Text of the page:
Addressing states of engagement and performance

Remember that engagement and performance are not always directly linked. An employee or team can be performing well but not engaged with the work they’re doing. Or perhaps they’re very engaged but just not performing as well as required for the role. Your plan should consider the following four combinations, shown in the activity below:…

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Building an action plan

Take some time for the team to reflect on the initial conversation and survey results. When the team meets again, it’s now time to come up with an action plan. What are the potential challenges that had the biggest impact on the team? Select one of the most important to work on. Once again, start…

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Understanding and communicating results

Analyzing objective people data uncovers issues that aren’t obvious, which allows you to quickly and effectively take action. That’s why understanding this data is so vital. But with so much data at once, where do you start? Now that you have the results, break them down by four factors: Magnitude, Relevance, Breadth, and Repetition. Take the…

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Measuring employee data and taking action

Measuring engagement isn’t just about identifying low scores or pain points. It’s also important to notice the positives to make sure you don’t lose sight of things you’re doing well during these changes. No matter what you choose to focus on, the most important thing is that you actually do survey your employees. Without a…

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Redefining what metrics matter most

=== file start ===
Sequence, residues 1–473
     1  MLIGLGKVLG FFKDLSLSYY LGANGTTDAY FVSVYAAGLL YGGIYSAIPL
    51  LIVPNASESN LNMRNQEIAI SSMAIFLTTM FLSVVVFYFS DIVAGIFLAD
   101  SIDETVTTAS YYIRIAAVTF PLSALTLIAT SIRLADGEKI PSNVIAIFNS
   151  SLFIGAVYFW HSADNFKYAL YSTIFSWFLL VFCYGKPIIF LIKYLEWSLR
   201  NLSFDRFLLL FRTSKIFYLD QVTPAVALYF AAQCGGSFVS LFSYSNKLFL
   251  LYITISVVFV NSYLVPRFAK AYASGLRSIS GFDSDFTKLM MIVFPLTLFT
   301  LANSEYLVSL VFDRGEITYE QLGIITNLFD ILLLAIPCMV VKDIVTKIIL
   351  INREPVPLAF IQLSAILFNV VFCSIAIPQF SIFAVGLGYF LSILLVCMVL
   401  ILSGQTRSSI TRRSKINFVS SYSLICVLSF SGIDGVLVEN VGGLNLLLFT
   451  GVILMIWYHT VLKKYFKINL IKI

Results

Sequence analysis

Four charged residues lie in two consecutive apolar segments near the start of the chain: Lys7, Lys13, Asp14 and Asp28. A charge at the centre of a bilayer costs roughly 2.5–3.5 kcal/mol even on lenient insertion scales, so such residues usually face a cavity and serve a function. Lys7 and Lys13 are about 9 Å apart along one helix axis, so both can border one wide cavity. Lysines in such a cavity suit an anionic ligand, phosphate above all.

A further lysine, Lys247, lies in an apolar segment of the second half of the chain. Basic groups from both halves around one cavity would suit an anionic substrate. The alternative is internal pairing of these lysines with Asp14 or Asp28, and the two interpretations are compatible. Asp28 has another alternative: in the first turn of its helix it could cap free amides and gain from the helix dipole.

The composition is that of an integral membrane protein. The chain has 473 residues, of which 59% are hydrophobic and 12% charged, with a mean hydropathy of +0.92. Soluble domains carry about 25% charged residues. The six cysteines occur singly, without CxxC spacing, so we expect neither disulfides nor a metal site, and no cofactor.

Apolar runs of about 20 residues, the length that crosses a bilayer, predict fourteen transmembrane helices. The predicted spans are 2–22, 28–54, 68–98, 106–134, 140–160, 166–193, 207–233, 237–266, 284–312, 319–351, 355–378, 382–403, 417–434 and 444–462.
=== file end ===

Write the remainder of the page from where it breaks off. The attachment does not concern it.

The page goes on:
Most businesses monitor much of the same data: sales figures, qualified leads, NPS, P&L, etc. And while these may remain critical barometers of business health, they exist largely apart from people. Complement these business metrics with people metrics–specifically employee engagement data. Check out the activity below to see how using engagement surveys can help you…

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Focusing on the four underlying engagement drivers

Before we dive into what employee data to collect and what to do with it, it’s important to understand the four engagement drives. According to the 2020 State of Talent Optimization Report, on average, only 22% of senior leaders feel they actually know what’s driving employee disengagement. Many companies try to win their employees over through…

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Improving two-way communication

Let’s say you run an employee engagement survey and one of the results is: It sounds like there might be a concern with open communication with a lower score like this. Employees not only want their voices to be heard but also want clear expectations around the work they are being assigned. When an employee feels…

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Aligning goals to your business strategy

Perhaps your communication is fine but an employee still feels complacent at work. If you receive low survey scores for a statement like “I am excited to come in to work everyday” or “I believe my work makes an impact for the organization”, then your next action is to start aligning goals to the main…

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Self-awareness of your leadership superpowers

Manager self-awareness is a key contributing factor to employee engagement. A manager that’s aware of their own natural behavioral tendencies and has the ability to adapt to the needs of others, is a manager that can motivate others and get the best out of their team members. During times of stress or pressure, we all…

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Measuring what matters

Having engaged employees sounds wonderful, but where should we start to get there? As with any aspect of talent optimization, real data can analyze and pinpoint where to focus. Engagement data should be collected directly from your employees to understand the four areas of potential misalignment. Take a look at some example questions you could be asking below:…

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